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Effect of Near-Road Particulate Matter on Respiratory Responses and Inflammation in Healthy and Ovalbumin-Allergic Mice
Marie, M., J. Mcgee, E. Boykin, M. Daniels, L. Copeland, D. Andrews, J. Richards, I. Gilmour, AND S. Gavett. Effect of Near-Road Particulate Matter on Respiratory Responses and Inflammation in Healthy and Ovalbumin-Allergic Mice. Presented at Society of Toxicology, Phoenx, AZ, March 23 - 27, 2014.
The Near-Road Exposures and Effects of Urban Air Pollutant Study (NEXUS) previously examined the association of near-roadway exposures to air pollutants and respiratory outcomes in children with asthma. This toxicological study was designed to complement NEXUS and determine which particulate matter (PM) characteristics may contribute to exacerbation of allergic asthma. Samples of coarse, fine and ultrafine PM were collected upwind and downwind from I-96 in Detroit, MI during Winter 2010/11. Healthy and ovalbumin (OVA)-sensitized female Balb/cJ mice were exposed via oropharyngeal (OP) aspiration to 20 or 100 μg coarse, fine, or ultrafine fractions of upwind or downwind PM 2 hr prior to OP challenge with 20 μg OVA. No samples caused significant changes in immediate responses to OVA challenge as determined by whole body plethysmography (WBP). Two days later, airway responsiveness to methacholine aerosol (assessed by WBP) was not significantly affected by PM exposure in either healthy or allergic mice. In OVA-allergic mice, 100 μg downwind coarse PM caused a greater increase than downwind fine or ultrafine PM in bronchoalveolar lavage (BAL) neutrophils (7x vs. control blank filter extract) and eosinophils (10x) and also caused significant increases in BAL LDH and NAG. Interestingly, 100 μg upwind fine PM produced greater increases in neutrophils (7x vs. control blank filter extract) and eosinophils (4x) than upwind coarse or ultrafine PM. Ultrafine PM did not significantly increase neutrophils or eosinophils in comparison to allergic mice given ultrafine blank filter extract. Further analyses will be conducted to investigate associations between chemical components and phenotypic effects of allergic lung disease. We conclude that coarse PM downwind and fine PM upwind of traffic promote allergic inflammation in OVA-allergic mice. (This abstract does not represent U.S. EPA policy.)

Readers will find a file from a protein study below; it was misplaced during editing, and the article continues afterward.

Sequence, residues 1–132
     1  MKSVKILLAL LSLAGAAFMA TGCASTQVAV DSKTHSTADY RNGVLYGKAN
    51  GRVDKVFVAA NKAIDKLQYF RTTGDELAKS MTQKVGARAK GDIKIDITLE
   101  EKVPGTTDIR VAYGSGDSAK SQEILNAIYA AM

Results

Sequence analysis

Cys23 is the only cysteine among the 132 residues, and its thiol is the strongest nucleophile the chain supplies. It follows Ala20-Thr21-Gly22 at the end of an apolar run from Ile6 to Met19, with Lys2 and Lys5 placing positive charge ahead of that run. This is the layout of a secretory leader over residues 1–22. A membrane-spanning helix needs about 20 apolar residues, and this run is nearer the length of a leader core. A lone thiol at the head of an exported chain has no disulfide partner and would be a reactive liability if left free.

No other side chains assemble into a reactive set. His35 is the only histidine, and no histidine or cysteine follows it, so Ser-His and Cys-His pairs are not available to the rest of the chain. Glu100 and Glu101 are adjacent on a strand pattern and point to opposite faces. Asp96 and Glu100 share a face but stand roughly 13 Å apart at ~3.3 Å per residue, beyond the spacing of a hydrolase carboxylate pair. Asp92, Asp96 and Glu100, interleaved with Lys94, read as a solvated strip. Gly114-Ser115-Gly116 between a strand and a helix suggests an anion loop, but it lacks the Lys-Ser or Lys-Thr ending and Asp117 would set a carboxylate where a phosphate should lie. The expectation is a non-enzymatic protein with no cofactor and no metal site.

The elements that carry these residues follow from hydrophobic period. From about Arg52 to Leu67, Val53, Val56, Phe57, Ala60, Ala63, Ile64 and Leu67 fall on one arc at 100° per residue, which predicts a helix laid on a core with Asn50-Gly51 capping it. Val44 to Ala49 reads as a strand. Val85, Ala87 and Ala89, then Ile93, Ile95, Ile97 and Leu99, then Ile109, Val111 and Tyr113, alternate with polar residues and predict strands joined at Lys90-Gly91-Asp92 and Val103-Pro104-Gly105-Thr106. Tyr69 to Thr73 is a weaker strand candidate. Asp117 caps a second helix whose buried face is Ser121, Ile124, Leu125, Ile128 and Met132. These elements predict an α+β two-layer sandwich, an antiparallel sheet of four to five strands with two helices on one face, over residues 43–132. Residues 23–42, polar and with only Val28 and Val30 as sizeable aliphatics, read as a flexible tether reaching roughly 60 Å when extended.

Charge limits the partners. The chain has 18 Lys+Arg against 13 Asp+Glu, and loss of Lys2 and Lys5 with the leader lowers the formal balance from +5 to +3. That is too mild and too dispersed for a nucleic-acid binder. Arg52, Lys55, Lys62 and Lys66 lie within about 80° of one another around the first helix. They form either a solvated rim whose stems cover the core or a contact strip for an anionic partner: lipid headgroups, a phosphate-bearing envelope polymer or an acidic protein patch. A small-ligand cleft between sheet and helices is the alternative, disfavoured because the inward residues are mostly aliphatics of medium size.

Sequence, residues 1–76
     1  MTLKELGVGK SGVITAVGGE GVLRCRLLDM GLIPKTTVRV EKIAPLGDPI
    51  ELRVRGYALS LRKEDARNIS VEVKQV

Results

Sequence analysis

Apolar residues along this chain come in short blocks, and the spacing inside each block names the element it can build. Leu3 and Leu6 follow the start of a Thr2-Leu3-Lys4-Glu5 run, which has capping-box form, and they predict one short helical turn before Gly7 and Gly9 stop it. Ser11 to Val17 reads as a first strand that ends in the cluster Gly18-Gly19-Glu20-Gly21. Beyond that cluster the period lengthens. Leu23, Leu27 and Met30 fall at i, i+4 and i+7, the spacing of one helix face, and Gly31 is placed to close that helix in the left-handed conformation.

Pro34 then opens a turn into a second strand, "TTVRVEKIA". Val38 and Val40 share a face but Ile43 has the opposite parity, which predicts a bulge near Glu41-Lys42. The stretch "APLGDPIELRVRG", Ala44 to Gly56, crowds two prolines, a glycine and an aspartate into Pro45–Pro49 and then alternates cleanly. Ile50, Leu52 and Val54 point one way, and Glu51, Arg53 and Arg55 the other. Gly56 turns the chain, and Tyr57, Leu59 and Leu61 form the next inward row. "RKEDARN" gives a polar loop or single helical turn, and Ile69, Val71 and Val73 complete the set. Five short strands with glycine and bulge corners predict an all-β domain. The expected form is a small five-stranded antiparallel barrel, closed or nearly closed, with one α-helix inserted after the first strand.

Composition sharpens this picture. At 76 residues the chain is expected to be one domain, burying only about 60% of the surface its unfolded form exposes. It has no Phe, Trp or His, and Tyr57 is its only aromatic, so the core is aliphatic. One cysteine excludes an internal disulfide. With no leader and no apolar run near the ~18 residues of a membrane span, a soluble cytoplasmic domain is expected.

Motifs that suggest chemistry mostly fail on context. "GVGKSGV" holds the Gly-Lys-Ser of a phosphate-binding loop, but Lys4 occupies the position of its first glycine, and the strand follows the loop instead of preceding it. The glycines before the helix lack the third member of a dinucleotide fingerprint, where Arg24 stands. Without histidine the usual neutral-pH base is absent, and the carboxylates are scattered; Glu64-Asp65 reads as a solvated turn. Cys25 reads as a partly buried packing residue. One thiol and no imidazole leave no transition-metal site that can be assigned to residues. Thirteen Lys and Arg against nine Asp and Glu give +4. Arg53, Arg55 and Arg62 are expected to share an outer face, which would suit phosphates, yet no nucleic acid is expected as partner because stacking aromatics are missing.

This abstract contributes to understanding of PM attributes contributing to exacerbation of allergic asthma, and supports epidemiological research conducted with the NEXUS study.
URLs/Downloads:EPHD-13-128-MCGEE GAVETT SOT ABSTRACT PROOF.DOCX
Record Details:Record Type: DOCUMENT (PRESENTATION/ABSTRACT)
Organization:U.S. ENVIRONMENTAL PROTECTION AGENCY
OFFICE OF RESEARCH AND DEVELOPMENT
NATIONAL HEALTH AND ENVIRONMENTAL EFFECTS RESEARCH LAB
ENVIRONMENTAL PUBLIC HEALTH DIVISION
CARDIOPULMONARY AND IMMUNOTOXICOLOGY BRANCH